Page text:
Budget airline EasyJet expects to be able to fly more from the end of May. Then the British are allowed to go abroad again, and the price fighter also sees that other countries want to make flying possible on a larger scale.
CEO Johan Lundgren foresees that all of Europe will be open again at the beginning of the summer.
EasyJet expects to transport up to a fifth of the passengers who flew with the airline in the same period in 2019 in the quarter from April to June. That is expected to start low, but it should already be more than a quarter by June, Lundgren indicates. “It is difficult to make very concrete predictions for this now because people currently only book shortly before departure.”
Where easyJet can fly to from May, according to the CEO, lies up to the British government. “But I see no reason why most of Europe cannot be green again in the summer.” Lundgren also advocates not requiring mandatory testing for travellers from “green” countries. “The costs are considerable and provide an extra barrier for some travellers.”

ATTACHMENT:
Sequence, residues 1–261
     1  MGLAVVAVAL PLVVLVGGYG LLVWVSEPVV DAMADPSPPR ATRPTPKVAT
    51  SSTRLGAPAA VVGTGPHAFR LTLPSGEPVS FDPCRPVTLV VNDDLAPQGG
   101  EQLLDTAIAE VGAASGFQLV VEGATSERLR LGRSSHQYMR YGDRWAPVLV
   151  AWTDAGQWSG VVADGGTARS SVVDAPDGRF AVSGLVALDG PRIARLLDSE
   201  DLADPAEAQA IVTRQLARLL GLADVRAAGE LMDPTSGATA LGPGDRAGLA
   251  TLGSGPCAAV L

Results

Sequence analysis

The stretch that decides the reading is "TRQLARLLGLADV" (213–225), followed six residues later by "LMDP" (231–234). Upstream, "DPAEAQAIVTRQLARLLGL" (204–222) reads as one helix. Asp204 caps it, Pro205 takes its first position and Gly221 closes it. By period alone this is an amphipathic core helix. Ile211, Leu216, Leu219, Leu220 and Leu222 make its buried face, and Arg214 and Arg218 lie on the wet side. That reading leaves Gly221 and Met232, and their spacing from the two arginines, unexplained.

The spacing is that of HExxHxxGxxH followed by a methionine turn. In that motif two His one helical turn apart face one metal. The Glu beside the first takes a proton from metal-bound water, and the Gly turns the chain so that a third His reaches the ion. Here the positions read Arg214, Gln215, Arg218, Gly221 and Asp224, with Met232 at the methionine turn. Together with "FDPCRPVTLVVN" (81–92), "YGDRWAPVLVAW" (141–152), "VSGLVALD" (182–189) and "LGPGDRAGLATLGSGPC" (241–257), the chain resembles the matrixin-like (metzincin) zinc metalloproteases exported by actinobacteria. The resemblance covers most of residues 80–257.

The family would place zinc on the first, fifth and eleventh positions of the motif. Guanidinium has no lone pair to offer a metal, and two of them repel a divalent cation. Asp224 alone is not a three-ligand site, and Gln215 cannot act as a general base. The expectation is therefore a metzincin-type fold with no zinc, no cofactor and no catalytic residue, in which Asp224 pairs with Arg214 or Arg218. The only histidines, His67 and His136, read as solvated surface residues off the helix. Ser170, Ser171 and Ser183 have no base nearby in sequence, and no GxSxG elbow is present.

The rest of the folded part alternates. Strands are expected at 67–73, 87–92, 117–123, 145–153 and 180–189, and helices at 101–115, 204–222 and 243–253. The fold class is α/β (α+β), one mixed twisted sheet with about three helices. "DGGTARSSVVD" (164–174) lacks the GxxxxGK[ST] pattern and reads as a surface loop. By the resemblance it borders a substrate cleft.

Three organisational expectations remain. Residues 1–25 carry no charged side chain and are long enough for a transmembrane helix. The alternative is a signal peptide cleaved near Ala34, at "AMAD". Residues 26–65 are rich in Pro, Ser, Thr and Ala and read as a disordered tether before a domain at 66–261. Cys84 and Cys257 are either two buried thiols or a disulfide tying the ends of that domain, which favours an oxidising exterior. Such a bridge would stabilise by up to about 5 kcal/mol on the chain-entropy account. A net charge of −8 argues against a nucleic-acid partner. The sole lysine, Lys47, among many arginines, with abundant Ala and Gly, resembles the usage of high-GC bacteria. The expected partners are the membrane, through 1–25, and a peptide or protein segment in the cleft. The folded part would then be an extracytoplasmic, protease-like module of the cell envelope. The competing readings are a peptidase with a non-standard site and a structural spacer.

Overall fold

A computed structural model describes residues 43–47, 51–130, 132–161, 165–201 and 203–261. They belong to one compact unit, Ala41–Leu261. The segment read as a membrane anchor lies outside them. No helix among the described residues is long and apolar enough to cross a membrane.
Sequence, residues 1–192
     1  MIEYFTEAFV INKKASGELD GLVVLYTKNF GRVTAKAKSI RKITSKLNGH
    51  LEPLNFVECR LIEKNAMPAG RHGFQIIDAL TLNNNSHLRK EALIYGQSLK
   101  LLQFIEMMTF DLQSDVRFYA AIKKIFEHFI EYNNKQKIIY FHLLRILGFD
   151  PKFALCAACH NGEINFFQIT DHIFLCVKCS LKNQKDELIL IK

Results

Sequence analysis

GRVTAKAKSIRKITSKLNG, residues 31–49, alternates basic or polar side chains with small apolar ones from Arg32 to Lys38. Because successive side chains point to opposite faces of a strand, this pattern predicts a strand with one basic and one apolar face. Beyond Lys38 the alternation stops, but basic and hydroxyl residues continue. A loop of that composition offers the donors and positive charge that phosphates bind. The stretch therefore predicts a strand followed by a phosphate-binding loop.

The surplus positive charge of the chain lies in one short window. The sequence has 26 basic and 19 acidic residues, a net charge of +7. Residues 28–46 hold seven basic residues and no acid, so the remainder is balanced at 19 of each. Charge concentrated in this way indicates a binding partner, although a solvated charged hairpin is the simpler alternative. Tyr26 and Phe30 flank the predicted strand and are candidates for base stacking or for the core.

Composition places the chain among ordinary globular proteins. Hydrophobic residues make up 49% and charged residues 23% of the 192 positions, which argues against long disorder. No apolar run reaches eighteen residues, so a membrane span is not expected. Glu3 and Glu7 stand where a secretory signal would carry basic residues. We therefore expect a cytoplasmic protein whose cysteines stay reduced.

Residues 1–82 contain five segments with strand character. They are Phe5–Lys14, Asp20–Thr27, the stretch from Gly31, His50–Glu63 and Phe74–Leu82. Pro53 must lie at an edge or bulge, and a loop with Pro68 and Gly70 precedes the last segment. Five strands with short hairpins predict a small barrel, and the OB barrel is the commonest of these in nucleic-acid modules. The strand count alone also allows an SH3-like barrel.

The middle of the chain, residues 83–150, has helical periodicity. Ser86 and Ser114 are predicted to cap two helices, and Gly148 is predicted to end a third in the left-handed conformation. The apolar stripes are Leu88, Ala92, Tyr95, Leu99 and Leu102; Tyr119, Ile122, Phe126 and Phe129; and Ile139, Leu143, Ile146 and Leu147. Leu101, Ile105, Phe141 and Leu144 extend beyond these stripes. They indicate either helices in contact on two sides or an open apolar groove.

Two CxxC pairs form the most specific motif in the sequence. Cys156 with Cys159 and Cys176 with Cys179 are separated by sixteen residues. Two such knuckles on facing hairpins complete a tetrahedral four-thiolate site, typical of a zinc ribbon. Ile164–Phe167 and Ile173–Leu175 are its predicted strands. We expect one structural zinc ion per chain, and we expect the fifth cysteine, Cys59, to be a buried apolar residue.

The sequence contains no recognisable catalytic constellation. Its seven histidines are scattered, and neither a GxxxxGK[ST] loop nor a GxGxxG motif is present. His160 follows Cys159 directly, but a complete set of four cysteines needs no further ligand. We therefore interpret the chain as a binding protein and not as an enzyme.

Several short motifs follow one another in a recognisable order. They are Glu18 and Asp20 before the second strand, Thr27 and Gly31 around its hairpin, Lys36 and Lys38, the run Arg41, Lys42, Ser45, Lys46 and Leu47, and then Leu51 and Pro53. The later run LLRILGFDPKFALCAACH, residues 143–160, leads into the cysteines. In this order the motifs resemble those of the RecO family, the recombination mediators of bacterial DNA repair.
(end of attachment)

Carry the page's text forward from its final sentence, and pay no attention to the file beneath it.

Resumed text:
In the first three months of this year, EasyJet still transported 9 percent of the number of travellers in 2019 through strict lockdowns. Over the entire winter season, which started in October, EasyJet came in at 14 percent.
The British company has been saving costs since the start of the corona crisis, which went faster than expected. EasyJet cut its costs by more than half, limiting its gross loss in the first half of its broken fiscal year to between £ 690 million and £ 730 million. That is between 795 million and 841 million euros.
EasyJet still has 2.9 billion pounds in money and thinks it can profit if more flights can be flown again. Due to the cost savings, the company expects to be able to do so quickly and profitably.